The mood among many was for a speaker untainted by the expenses scandal and respected by all parties. A few Lib Dems fitted this bill. Bercow didn’t (massive expenses fraud, disliked by large numbers of Conservatives).

    Kismet:

    The problem is using a condition as a term of abuse. Having mental issues isn’t something to mock, or use as an insult. Imagine if I spent my days calling anyone who disagreed with me “cancer victims” in a sneering way. That is what Sally Bercow did.

  14. Shatterface — on 21st September, 2010 at 2:18 pm  

    ‘Have you ever noticed that folk that say ‘outrageous’ are, more often than not, hysterical?’

    Tut, tut. ‘Hysterical’s far more offensive than ‘mental’ (which I use myself, despite being bipolar): it’s rooted in misogyny as well as prejudice against nutters.

    And ‘retard’s no different from ‘thick’. If you can’t criticise your opponents for being mad or stupid, what’s left? ‘Wrong’? Not exactly hard-hitting, is it?

  15. damon — on 21st September, 2010 at 3:57 pm  

    I’d never heard of Sally Bercow until after her husband became speaker. It’s amusing the way they mention that on Newsnight and she is obliged to say something about that, before they move on to some topic,.
    There’s nothing wrong with saying something’s mental btw.

    Do you tut tut through programmes like ‘This is England 1986′ because that is how people actually speak – or spoke?

  16. Kismet Hardy — on 21st September, 2010 at 4:20 pm  

    Sorry Rumbold, I’m with Shatterface and Damon. Words are there to use as an arsenal as and when necessary, and given a choice, I’d always rather be called a Dirty Fuckwit Paki by someone coming at me with a bunch of pansies rather than someone calling me Intelligent, Sexy and Beautiful while wielding a baseball bat with a rusty nail stuck to it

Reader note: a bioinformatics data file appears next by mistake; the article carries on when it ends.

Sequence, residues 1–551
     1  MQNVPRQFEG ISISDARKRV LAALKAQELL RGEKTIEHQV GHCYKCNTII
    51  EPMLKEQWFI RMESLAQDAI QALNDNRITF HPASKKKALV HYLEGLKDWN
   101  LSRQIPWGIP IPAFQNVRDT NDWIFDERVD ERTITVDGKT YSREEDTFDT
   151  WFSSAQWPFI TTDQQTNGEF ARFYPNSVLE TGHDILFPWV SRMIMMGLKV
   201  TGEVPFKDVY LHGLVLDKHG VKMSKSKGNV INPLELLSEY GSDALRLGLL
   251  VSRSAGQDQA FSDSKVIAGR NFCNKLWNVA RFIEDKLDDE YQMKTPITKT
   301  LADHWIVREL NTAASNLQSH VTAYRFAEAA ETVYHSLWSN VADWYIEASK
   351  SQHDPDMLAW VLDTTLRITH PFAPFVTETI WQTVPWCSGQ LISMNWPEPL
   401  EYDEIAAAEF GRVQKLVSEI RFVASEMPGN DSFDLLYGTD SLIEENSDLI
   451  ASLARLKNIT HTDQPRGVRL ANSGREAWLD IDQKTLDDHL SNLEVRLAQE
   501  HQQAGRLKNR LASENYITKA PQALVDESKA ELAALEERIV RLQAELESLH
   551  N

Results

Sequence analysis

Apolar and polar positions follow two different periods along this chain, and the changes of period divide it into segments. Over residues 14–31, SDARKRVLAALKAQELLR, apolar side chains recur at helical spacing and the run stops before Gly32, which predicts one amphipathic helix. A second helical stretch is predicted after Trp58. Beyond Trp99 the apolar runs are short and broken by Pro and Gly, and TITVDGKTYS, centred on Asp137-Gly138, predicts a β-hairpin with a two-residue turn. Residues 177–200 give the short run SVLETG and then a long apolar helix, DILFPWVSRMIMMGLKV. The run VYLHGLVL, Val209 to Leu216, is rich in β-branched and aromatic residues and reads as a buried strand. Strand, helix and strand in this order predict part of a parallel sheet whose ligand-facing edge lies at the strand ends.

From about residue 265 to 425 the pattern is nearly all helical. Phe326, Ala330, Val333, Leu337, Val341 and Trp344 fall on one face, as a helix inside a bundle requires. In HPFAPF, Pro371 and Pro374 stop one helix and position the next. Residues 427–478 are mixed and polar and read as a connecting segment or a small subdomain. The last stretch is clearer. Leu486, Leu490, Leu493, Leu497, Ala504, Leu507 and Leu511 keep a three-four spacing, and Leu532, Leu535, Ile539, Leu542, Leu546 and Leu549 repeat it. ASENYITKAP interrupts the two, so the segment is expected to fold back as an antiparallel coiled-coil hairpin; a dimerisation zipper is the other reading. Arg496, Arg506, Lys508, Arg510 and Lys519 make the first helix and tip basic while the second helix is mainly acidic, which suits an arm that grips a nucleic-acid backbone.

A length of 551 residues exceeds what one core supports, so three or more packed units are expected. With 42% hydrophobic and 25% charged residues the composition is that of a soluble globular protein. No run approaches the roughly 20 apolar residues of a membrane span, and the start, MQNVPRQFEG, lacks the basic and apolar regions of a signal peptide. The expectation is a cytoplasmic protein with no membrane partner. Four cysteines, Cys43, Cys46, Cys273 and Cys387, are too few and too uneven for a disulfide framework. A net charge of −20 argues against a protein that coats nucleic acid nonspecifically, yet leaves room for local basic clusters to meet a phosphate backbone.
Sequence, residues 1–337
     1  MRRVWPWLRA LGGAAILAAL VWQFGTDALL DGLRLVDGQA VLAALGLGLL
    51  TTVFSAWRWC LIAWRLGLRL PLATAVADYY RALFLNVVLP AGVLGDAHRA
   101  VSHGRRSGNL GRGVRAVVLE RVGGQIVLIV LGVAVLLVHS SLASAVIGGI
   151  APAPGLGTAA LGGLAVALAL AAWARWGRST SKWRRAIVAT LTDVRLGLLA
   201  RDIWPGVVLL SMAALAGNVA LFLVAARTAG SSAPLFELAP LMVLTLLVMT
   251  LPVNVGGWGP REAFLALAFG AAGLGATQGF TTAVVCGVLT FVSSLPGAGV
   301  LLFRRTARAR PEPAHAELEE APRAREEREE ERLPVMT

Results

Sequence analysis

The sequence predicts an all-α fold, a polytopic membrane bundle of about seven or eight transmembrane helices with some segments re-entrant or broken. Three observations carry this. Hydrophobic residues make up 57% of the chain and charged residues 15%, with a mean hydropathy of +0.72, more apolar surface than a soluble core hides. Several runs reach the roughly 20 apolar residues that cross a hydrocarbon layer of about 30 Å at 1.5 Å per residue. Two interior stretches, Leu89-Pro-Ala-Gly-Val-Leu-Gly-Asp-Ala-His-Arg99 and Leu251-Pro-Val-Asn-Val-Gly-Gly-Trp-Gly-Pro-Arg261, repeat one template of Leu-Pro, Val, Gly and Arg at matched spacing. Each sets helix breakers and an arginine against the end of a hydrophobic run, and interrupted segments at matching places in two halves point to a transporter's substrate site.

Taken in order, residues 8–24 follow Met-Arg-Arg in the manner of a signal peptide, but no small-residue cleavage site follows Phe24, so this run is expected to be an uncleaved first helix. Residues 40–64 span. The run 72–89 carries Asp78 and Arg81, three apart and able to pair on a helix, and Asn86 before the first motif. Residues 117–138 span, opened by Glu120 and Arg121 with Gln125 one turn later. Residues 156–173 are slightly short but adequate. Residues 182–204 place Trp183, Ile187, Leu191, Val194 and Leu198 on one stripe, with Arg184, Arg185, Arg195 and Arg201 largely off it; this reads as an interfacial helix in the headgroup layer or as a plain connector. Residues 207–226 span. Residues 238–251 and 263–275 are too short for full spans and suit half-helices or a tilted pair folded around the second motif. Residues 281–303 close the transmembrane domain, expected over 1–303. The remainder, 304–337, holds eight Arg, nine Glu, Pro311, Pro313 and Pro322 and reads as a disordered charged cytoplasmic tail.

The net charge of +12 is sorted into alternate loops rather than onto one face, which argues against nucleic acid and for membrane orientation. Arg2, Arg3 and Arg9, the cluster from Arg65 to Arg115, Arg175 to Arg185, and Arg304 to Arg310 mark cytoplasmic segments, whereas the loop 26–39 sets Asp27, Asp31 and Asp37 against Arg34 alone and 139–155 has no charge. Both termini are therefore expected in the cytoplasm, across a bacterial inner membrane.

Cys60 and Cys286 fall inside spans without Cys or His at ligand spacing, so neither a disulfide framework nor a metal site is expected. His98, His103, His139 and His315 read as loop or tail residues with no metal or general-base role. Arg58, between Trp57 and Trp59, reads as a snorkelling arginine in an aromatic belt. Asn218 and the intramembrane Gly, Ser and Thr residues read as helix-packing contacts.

17. Don — on 21st September, 2010 at 5:00 pm  

    I just generally describe my opponents as intrinsically evil and destined to spend eternity in hell.

    Hang on a minute – that’s the Pope.

  18. Rumbold — on 22nd September, 2010 at 8:27 am  

    He Don.

    Shatterface, Damon and Kismet:

    Words aren’t the be all and end all, and actions are more important, but they can contribute to a cycle of abuse, and should be tackled.

  19. douglas clark — on 22nd September, 2010 at 8:59 am  

    Shatterface @ 14,

    I’ve re-read your post about half a dozen times and I’m really not sure whether you are defending me or attacking me :-(

    Och, did I miss the memo that appears to have been sent out that said:

    Only incredibly serious posts will be accepted on this web site. Flippancy is next to devil worship and will not be tolerated.

    Seems to me that there are a few folk around here that would like that to be the policy.

    Sometimes, the only way to deal with idiocy is through satire. However poor or weak that satire might be.

    I seem to recall quite a few witty posts from your good self, that only a seriously deranged monomaniac could have taken offense at.

    Oops!

    Me?

    I, thought they were funny….

    New rules:

    If you wish to post here, under no circumstances try to be funny. We have teams of Puritans that will deliberately take offense, and then you’ll be sorry! Jokes about the French will come under especial scrutiny and the word ‘hysterical’ only refers to the, ahem, feminine gender! Be warned! We are on the lookout to take offence!

    It’d be a sad day if humour, even sad and bad humour, was seen that way.